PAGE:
AS: Do you see yourself as a global writer, whatever that means?
MO: No, I definitely can't claim that. Like everyone, I come from a certain perspective, and while I've been lucky to have opportunities to expand it somewhat, all of that is still very specific—this influence at that point in my life, this place at that time in history, etc. And as tempting as it is to want something global—and I do think there's value in at least trying to look outside one's perspective of origin—at the same time I'm not sure that it's what we should necessarily be aiming for. When people say some piece of art is "universal," it always worries me a bit, because how can that be? How can any of us possibly speak to everyone, or represent everyone? I usually value specificity, rather than generality.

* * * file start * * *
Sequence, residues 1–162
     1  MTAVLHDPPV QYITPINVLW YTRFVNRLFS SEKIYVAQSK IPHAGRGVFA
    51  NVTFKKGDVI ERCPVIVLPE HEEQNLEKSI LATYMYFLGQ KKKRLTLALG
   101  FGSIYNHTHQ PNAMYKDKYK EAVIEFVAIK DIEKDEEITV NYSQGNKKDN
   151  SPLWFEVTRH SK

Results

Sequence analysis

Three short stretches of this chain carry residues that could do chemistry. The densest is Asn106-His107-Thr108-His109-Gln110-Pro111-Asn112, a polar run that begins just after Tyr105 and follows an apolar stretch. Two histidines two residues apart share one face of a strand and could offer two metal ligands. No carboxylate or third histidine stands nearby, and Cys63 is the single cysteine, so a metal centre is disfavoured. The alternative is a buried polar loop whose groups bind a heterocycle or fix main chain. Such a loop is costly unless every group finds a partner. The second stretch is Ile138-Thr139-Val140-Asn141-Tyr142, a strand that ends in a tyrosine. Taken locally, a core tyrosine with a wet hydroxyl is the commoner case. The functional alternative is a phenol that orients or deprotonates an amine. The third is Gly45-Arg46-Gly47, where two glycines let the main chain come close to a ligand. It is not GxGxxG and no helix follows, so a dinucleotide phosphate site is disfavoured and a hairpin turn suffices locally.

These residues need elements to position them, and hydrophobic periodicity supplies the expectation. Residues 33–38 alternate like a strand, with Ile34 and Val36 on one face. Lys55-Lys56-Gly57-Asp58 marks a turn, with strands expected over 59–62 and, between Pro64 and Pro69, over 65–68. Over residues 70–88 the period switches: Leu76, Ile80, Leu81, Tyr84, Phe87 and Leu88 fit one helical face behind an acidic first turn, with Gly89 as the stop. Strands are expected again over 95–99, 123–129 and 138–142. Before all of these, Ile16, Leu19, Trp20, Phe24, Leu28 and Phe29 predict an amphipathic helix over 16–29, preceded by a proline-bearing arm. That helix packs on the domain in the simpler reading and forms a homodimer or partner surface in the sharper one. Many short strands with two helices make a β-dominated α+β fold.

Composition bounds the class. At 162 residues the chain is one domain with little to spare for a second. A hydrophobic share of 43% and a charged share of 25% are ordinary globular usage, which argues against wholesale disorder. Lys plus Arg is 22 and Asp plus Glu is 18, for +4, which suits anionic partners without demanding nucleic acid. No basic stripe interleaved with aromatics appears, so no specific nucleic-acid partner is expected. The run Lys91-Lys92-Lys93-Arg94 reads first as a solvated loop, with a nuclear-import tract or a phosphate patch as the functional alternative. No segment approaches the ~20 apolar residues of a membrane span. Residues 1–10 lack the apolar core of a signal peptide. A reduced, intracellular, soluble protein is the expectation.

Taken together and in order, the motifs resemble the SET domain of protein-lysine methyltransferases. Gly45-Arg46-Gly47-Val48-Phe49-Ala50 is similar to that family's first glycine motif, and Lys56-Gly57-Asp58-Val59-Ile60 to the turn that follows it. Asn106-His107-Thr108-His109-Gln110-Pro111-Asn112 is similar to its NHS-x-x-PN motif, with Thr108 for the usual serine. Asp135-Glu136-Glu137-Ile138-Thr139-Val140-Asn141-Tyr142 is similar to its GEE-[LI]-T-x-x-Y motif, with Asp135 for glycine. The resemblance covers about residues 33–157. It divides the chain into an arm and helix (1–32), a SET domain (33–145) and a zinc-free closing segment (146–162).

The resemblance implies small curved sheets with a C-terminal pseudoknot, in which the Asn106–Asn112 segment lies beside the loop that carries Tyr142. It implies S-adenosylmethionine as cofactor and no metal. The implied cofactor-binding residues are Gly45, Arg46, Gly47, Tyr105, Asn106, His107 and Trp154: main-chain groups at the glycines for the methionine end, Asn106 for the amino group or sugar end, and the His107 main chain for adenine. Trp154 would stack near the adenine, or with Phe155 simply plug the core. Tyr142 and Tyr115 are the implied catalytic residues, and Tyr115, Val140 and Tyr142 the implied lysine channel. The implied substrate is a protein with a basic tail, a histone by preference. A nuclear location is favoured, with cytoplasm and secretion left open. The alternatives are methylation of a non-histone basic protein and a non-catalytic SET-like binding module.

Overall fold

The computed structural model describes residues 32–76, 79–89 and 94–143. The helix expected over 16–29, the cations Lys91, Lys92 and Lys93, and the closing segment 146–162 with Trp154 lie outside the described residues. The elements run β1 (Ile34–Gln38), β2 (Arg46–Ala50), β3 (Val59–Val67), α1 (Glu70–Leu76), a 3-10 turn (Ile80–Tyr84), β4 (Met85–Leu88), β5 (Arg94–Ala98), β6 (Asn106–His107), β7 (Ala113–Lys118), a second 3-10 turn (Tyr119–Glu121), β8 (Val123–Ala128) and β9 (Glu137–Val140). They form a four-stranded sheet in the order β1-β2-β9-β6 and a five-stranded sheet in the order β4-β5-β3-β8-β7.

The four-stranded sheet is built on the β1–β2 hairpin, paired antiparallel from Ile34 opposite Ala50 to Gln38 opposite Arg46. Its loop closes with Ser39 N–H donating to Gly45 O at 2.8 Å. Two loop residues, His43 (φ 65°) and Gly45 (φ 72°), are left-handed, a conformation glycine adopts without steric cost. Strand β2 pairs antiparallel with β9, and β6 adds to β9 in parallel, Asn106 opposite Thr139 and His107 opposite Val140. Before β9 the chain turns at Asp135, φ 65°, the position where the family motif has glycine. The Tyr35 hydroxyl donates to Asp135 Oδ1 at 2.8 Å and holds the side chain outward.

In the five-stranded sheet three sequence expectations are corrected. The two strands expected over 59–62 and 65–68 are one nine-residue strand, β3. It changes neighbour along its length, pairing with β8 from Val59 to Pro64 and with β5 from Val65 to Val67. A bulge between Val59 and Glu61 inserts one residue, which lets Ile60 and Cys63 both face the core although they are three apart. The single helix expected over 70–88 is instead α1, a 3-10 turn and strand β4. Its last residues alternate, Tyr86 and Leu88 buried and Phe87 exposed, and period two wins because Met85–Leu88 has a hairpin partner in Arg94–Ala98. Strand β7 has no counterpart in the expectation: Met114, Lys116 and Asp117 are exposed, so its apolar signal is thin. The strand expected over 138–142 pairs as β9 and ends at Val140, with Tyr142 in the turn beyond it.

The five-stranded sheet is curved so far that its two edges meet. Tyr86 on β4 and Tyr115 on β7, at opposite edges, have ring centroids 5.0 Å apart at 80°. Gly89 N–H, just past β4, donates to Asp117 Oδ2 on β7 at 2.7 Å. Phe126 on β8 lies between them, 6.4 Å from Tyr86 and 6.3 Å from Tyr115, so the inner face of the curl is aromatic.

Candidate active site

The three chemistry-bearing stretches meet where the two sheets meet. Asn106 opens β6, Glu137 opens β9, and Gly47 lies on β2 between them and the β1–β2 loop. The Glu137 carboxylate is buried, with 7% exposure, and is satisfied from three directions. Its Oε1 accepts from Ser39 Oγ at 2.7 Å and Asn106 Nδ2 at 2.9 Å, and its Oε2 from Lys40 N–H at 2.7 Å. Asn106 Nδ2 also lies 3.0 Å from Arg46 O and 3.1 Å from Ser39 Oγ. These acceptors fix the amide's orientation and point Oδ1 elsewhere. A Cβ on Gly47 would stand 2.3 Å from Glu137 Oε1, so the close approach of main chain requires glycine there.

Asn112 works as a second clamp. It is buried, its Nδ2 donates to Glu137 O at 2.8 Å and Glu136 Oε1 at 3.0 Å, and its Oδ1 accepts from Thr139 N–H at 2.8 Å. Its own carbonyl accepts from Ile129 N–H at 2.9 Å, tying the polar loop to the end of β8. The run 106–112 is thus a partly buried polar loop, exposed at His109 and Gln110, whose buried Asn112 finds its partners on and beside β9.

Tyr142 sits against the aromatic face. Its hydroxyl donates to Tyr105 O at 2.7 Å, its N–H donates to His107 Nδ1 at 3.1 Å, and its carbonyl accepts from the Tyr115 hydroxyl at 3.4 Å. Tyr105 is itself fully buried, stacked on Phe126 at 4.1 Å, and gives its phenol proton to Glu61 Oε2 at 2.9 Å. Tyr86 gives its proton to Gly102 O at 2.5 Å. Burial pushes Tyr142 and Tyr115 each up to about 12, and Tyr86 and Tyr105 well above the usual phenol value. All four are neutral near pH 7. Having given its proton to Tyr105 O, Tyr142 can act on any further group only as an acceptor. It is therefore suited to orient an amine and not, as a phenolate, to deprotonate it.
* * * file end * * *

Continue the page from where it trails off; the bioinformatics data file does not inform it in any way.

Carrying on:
MO: Both the theory and the practice. When you read about the history of nation-states, and how it played into colonialism, and how, before external colonialism, it played into the sort of "local" colonialism of obscuring minority identities within the imperial nation (e.g., Welsh, Basque, Catalán, Calabrian, etc.), and look at the ways it has driven conflict throughout the last few centuries, it's very ugly. And in my own lived experience, I have worked in, lived in, or visited many countries with active separatist movements based on feeling like it was impossible to fit into the "nation" supposedly aligned with the "state" they had little choice but to belong to. And that's not surprising because it's hard to find a country that doesn't have a separatist movement (although granted some are more active than others).